1. Everything is too damn clean. There isn't a speck of dirt, grime, or blood on anything, even in the thickest battle. Contrast that with LOTR, where everything felt lived in.

2. Both films are seriously lacking in warmth, personality, and whimsy. Read the books, and you will hear wonderful voices of character and charm. Those books almost beckon you back like an old friend. The films, on the other hand, might as well have been made by a computer entirely.

PIPER said...

Art Howe,

Actually, I think commenting on a movie blog might be the geekiest thing I can think of.

Anonymous said...

I like Ray's second point. I've never been able to put my finger on why I didn't care for that 1st flick. It's soul-less. And I was a huge fan of the books growing up, as I was of D&D. Only problem with D&D is my older brother and his friend would turn on my characters. killing them every time we got to the end of a map and taking all the my booty. I hated those M-Fer's for ruining D&D. SHUT UP PIPER. I can hear you laughing all the way in Texas.

TALKING MOVIEzzz said...

"Both films are seriously lacking in warmth, personality, and whimsy. Read the books, and you will hear wonderful voices of character and charm. Those books almost beckon you back like an old friend. The films, on the other hand, might as well have been made by a computer entirely."

Exactly, Ray.

I haven't seen the new film, but the first had no magic to it. The books are wonderful, yet the films are indeed soulless.

In the hands of another director they could have been amazing. Maybe Alfonso Cuaron.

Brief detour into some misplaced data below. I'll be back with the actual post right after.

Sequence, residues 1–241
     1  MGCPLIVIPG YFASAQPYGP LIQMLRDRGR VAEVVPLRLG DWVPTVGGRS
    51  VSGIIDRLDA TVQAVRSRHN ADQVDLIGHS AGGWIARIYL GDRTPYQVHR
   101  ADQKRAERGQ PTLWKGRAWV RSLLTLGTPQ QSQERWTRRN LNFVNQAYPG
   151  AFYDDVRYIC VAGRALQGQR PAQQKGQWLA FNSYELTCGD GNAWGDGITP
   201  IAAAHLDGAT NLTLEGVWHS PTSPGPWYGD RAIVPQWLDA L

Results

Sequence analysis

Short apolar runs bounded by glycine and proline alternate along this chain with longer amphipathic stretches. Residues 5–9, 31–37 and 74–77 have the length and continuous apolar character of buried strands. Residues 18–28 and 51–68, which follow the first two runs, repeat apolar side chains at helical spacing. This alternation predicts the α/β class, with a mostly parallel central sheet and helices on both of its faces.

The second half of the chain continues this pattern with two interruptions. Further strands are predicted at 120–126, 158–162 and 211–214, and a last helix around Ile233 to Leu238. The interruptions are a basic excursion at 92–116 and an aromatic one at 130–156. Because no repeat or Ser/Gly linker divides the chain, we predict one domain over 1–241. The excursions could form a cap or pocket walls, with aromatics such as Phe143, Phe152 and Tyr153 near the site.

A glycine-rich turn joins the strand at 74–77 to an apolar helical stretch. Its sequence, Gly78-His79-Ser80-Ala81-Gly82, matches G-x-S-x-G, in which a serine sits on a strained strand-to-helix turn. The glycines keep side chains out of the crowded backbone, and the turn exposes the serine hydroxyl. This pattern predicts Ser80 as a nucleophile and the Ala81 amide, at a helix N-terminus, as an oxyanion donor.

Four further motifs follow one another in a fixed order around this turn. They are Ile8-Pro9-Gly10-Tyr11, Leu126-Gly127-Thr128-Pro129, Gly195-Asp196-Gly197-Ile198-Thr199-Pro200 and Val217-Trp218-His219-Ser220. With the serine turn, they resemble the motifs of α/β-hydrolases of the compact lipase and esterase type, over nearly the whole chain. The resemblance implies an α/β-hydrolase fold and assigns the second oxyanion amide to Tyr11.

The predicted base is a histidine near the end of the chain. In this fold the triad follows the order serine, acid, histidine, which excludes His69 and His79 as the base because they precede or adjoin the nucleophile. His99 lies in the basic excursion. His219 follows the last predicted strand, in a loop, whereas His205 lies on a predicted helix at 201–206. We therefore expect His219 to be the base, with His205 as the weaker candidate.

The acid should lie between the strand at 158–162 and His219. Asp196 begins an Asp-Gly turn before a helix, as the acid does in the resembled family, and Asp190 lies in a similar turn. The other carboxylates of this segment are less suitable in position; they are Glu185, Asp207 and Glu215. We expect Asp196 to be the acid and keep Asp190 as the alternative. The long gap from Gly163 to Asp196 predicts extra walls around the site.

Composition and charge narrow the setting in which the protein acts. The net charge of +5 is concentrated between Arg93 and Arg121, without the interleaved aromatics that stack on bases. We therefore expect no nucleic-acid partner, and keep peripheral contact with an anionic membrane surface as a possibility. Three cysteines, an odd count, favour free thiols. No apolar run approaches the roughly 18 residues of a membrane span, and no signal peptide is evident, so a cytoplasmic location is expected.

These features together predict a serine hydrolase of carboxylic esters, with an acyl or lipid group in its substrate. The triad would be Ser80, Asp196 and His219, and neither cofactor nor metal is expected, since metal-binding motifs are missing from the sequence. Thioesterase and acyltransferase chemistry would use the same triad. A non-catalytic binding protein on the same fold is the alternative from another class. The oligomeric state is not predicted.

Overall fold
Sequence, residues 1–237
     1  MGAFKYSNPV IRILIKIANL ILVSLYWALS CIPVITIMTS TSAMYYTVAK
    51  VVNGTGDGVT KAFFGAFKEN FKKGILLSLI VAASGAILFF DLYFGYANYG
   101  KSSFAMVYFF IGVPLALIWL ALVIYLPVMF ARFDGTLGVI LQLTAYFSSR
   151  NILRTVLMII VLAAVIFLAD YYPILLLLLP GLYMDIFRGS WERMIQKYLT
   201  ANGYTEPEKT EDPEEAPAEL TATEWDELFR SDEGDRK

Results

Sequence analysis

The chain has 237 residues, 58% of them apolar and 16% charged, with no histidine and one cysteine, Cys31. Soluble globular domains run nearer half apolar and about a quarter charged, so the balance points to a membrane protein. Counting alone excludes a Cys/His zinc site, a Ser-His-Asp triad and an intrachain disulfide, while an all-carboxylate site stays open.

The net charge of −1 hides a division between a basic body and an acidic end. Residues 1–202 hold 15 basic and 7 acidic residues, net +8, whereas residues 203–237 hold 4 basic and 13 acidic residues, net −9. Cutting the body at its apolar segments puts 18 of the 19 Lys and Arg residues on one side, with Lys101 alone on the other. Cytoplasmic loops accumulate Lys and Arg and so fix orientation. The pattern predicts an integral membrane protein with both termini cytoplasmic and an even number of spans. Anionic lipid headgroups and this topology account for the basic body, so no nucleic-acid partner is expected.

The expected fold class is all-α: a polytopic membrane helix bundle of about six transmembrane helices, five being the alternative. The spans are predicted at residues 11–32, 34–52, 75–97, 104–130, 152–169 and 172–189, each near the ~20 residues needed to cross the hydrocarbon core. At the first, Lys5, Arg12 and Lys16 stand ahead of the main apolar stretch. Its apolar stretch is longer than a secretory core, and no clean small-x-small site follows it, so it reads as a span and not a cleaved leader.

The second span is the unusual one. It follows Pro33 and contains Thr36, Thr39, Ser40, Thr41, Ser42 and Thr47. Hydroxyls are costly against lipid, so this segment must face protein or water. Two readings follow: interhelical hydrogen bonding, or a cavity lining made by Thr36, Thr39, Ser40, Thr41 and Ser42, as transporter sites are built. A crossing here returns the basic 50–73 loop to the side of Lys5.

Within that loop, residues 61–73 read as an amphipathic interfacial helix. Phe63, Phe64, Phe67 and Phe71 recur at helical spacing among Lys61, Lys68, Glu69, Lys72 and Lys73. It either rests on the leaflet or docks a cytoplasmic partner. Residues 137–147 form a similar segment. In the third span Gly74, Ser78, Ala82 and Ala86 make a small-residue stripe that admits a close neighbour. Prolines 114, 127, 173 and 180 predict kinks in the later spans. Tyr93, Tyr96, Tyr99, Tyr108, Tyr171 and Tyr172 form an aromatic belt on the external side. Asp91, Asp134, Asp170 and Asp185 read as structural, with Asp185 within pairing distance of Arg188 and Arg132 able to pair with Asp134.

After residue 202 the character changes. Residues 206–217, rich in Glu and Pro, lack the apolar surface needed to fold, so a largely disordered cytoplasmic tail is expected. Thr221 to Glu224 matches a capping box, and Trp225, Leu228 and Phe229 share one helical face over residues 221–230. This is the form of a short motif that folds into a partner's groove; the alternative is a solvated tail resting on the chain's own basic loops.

PIPER said...

While I enjoyed The Lion, The Witch And The Wardrobe very much, I couldn't get into the other books. I remember them from my childhood as being very good, but revisiting them hasn't been so good.

PIPER said...

I am laughing Bird Flu.

Anonymous said...

piper -

Well played, dear sir. Well played.

And while I haven't seen Prince Caspian, I do have a fondness for the first film. It's not perfect, but it was a nice escape unlike that crap The Golden Compass.

Well, got to go. It's my turn to roll the twenty-sided die.

Marc said...

I personally felt a geeky confusion when I happened to watch Stardust. I enjoyed the story, but I couldn't get into the new mythos posed. A fallen star that manifests itself as Claire Danes, mixed with lighting pirates and witches (hocus pocus style) weren't things I was willing to accept at first. But I eventually gave in and found value in the kidnapping/eternal-youth-for-Michelle-Pfeiffer plot device.

I couldn't get geeky about it, though. In movies that have source material that pre-dates moving pictures (LOTR, Narnia) those common wizards/ogres/knights etc. have a certain amount of awesomeness that comes with them. -sidenote: centaurs have simply never had a sense of humor. see Fantasia (they can party, but they can't laugh at how geeky they are)

I haven't seen Prince Caspian, but I think what's been said about what is positive in LOTR and what is lame about this particular Narnia series is accurate. The Lion the Witch and the Wardrobe definitely relied on a visual feast of fantastic fantasy creatures...but left its dedication on a visual level. I think the next Narnia flick should take cues from the Indiana Jones series and use mainly practical effects. Get some fancy centaur costumes. Get Claire Danes to play a centaur so that the tears from battle will be paired with a runny nose almost every time. In general, the series should probably take itself a little less seriously. A rousing 'improvised' song with 20 verses almost always balances out how geeky a fantasy character should or shouldn't be.

It works in print, or on a D&D mission anyway.